Iowa: 52% (41% 1st/2nd)
New Hampshire: 50% (42%)
Nevada: 55% (48%)
South Carolina: 44% (35%)
His numbers as a top two choice are even more encouraging. Biden is still controlling the field in South Carolina. He’s at 43% as a first choice, with 64% of primary voters considering him.
Sanders is running second. A full 35% have him in their top two. Remember, he only earned 26% in a two-way race with Hillary in 2016. Biden appears as strong with African American voters now as she was then. Plus Kamala Harris, Cory Booker, and a pile of other choices exist.
Bernie has clearly made strides with the black community in this state. He already had a foothold among Millennial voters of color, but this indicates widening acceptance.
As long as Biden is viable, Sanders is no threat to start winning southern primaries. But he got clobbered there in 2016. At the moment, he’s running ahead of Warren, while Harris and Booker have failed to effectively launch. Keeping the deficit in the Old Confederacy manageable is crucial to his chances.
You can argue familiarity is helping him with southern black voters. The Clintons had a history going back decades. Biden has extended ties to important community leaders on top of the obvious Obama connection. Sanders was a newbie four years ago.
That doesn’t explain why he stabilized and now might be surging in the other early voting states. Electability does. CBS/YouGov also asked voters whether a candidate was likely to beat President Trump, had a shot to, or whether it would be a stretch.
As per usual, Biden was perceived as most electable. Consistently, three quarters of voters think he’d likely beat Trump. The other quarter thinks he’d at least scare him. The percentage thinking Biden would likely lose is a rounding error.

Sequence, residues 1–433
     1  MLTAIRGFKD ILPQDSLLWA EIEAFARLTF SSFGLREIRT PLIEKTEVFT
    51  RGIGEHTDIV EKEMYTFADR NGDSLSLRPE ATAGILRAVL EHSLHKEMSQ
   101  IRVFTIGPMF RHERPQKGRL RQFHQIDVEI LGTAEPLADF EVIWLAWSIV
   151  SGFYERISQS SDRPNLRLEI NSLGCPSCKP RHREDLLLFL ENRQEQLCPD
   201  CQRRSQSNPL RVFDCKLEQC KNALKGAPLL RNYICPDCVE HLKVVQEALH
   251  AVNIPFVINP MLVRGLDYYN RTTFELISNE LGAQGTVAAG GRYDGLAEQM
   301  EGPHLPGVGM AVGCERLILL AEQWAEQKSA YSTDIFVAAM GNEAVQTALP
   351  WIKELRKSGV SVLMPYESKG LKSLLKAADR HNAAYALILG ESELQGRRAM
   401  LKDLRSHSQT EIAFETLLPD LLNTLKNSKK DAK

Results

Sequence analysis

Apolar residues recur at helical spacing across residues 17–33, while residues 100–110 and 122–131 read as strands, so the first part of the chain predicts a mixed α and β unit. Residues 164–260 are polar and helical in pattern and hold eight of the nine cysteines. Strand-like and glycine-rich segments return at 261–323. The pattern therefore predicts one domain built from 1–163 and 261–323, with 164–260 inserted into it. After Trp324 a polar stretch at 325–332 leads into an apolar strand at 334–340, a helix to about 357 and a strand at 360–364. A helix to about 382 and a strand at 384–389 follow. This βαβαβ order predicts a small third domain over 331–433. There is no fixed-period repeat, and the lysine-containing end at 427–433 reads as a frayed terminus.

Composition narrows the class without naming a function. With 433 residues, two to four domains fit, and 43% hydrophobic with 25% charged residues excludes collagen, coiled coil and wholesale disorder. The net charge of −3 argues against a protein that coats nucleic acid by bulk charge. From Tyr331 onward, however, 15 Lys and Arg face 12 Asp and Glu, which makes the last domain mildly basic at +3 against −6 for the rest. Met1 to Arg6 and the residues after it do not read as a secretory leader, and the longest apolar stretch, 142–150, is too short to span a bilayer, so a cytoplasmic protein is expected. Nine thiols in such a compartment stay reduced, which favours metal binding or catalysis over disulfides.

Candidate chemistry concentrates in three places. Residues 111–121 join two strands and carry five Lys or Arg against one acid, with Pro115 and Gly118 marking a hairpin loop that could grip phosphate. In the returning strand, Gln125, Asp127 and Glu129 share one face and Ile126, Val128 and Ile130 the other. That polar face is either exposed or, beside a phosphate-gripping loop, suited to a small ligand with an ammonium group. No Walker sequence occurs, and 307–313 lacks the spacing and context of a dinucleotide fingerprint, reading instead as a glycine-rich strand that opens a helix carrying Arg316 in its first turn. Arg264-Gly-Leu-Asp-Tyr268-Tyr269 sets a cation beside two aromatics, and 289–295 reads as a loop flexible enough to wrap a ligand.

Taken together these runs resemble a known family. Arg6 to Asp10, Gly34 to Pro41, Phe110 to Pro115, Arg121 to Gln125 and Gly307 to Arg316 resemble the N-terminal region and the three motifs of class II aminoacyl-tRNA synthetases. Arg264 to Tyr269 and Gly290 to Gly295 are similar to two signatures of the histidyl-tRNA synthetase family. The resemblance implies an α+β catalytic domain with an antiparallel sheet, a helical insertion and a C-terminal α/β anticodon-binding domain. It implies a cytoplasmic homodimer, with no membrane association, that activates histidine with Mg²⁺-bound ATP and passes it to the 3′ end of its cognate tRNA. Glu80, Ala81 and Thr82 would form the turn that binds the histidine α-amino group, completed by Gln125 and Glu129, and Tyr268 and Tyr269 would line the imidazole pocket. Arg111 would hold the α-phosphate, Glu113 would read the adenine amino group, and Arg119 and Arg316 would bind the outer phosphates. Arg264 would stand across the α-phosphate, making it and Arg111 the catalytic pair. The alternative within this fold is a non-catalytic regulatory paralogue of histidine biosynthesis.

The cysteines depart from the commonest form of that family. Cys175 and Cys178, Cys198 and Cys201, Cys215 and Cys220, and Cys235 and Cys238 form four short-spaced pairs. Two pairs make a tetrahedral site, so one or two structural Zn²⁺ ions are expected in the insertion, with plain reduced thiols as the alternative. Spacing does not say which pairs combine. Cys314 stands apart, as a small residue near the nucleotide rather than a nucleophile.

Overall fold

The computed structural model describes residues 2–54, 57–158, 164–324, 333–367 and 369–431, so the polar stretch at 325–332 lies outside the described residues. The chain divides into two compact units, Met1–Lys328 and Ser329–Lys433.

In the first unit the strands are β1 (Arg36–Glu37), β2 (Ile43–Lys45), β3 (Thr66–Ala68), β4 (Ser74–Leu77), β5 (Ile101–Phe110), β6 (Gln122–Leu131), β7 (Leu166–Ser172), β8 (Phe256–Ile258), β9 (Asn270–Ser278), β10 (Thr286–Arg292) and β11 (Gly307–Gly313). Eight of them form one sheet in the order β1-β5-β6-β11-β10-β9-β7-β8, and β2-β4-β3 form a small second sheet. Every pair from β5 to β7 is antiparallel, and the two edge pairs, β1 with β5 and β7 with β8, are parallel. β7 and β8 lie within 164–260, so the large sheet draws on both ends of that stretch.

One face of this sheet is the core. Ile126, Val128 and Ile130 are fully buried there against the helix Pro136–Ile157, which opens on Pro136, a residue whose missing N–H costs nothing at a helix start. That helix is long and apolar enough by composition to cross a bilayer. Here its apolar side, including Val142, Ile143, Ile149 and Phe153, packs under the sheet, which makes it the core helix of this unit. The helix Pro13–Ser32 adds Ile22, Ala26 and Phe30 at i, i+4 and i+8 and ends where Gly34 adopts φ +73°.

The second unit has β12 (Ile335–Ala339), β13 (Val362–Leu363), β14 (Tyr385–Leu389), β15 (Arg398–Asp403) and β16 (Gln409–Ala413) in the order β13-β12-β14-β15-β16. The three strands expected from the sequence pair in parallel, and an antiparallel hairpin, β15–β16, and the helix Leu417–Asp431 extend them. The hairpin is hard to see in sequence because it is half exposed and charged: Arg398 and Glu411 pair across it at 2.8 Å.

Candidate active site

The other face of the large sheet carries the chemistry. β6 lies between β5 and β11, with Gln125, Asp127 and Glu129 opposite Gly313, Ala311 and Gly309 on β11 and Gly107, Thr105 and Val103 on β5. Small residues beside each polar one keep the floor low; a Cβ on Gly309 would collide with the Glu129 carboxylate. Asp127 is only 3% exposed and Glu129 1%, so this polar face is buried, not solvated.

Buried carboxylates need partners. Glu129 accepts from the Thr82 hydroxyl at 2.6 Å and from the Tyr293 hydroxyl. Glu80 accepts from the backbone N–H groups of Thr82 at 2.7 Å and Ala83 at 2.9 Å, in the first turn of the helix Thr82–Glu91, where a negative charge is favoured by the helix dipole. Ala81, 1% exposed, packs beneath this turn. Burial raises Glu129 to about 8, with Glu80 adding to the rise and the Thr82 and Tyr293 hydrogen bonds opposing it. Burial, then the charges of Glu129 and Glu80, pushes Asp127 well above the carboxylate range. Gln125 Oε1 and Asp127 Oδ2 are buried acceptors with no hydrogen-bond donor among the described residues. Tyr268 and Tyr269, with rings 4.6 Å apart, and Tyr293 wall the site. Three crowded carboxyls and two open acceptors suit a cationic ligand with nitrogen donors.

Feelings are more mixed about Warren. About half of voters think she’d be a favorite. A little less than a tenth think she’d really struggle. The remaining 40+ percent figure Warren would put up a good fight.
Sanders falls between Biden and Warren. Voters assume his Democratic Socialist agenda is harder to digest than Biden’s comparative moderation. But whether they’re more worried about a female nominee, or are comforted by Sanders having gone through the process before, or #Pocahontas, confidence in him is higher than her. In Iowa and New Hampshire, two thirds of Democrats think Trump would get Berned.
Here’s his advantage over Warren in each of the first four states:
New Hampshire: +14
South Carolina: +6
Whether voters are closely tracking the polls, or just have good Spidey sense, these impressions closely track actual national poll results when Trump is matched against individual Democratic contenders. Biden does best. Sanders usually gives away a couple/few points, but regularly defeats Trump. Warren’s results are much closer to 50/50.
We can say all we want about how head-to-head polling more than a year out from the election isn’t predictive. That doesn’t mean it’s not influential or revealing.
It’s too early for Bernie to start working on his convention nomination speech. Biden and Warren are still more likely nominees. If no candidate wins a majority of delegates ahead of the convention, which is statistically very, very, very possible, he’s at a disadvantage compared to his opponents.
Unless or until Harris, Pete Buttigieg, or one of the others has a breakthrough, this is a three person race. And Bernie Sanders is very much one of the three. Precedent, age, and a hundred other things be damned, he’s a strong candidate.